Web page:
MIAMI — When the NFL announced the Pro Bowl would be moved from its traditional spot on the schedule on the Sunday after the Super Bowl in Honolulu to the site of the Super Bowl on the Sunday before the game, the premise we were told was that it was done to make the game more relevant.
With the experiment now in the books, it's time to move to Plan B.
The first indication this wasn't going to be such a great idea was when players started lining up not to come. I'm not sure if anyone actually keeps track of such things but the 32 players originally selected to the team who chose not to play (including Bryant McKinnie who got booted off the NFC squad after missing two practices) has to be a record. And, of course, a huge part of what made that dubious high-water mark possible were the six Colts and five Saints who couldn't play in the game because they have a slightly more important engagement the following Sunday.
After 30-plus years on the NFL beat, it's still not completely clear to me how strongly most NFL players feel about playing in the Pro Bowl. Clearly, it's an honor to be selected to the team but for years now some of the honorees have chosen not to play, one of the reasons Roger Goodell and company started tinkering with it. But that the league has now taken the choice away from the Super Bowl participants didn't sit well with all of them.
Asked prior to the game for his feelings on not being able to play in spite of his first Pro Bowl selection, Colts TE Dallas Clark said, "It is tough you know; it is one of those things you play so hard, you know this is a personal goal for everyone in the league, then you know they throw this little wrinkle in. It is just one of those things that I think in this profession you get used to different things and you don't really expect anything."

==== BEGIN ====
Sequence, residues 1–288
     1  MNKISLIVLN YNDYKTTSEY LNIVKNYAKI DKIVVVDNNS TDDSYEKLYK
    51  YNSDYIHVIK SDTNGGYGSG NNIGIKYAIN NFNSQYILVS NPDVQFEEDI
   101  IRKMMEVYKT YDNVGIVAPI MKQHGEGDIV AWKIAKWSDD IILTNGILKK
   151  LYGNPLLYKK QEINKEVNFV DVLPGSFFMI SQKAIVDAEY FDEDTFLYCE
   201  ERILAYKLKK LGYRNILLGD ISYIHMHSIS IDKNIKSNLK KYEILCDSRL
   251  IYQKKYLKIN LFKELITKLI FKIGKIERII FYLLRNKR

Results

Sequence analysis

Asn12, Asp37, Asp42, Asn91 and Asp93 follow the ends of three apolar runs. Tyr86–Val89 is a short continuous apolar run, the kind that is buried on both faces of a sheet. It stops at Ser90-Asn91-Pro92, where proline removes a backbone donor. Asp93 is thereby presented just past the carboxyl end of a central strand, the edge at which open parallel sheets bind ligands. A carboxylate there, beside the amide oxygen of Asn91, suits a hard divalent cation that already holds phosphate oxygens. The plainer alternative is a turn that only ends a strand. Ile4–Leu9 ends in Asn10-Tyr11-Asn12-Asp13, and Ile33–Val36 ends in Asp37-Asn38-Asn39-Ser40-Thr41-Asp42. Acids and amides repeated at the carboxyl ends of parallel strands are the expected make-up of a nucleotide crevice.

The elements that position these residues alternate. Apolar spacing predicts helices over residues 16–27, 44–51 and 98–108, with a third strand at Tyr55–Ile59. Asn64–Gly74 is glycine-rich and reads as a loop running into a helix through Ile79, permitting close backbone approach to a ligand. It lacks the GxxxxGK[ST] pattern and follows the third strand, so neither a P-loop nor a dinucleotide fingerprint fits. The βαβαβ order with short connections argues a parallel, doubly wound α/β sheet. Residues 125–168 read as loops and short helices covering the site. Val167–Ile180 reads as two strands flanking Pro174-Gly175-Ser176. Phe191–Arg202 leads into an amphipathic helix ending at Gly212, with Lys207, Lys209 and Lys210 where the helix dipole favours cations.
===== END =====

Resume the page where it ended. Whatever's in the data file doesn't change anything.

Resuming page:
Clark added, "You are kind of getting not rewarded for being elected, but it is just one of those things, you just kind of take it for what it's worth."
Further irritating the issue of the Super Bowl participants elected to the Pro Bowl not being able to play was the league's stance the players did all have to be in attendance. Colts G.M. Bill Polian was particularly annoyed and outspoken early in the week leading up to the game after being informed his Pro Bowlers would be forced to travel to Miami separately from their teammates a day early, calling it disruptive and ridiculous. While the Super Bowl players were cheered in pregame introductions, their presence really added nothing to the poorly played game.
League officials announced prior to the game that it was a sellout and the crowd of 70,697 was said to be the second largest in the history of the Pro Bowl. But was it really? No-shows were not announced, and at kickoff thousands of empty seats dotted Sun Life Stadium.
By the middle of the third quarter, the stadium appeared to be half-empty, in part I'm sure because of the light rain that fell on and off all night and in part due to it being one of the most boring games I've ever seen. Some will argue the 987 yards of total offense in the game — 517 for the AFC and 470 for the NFC — made it exciting. I would counter that it was a result of the fact that most of the Pro Bowlers couldn't seem to decide whether they were playing flag football or touch, because blocking and tackling were for the most part nonexistent.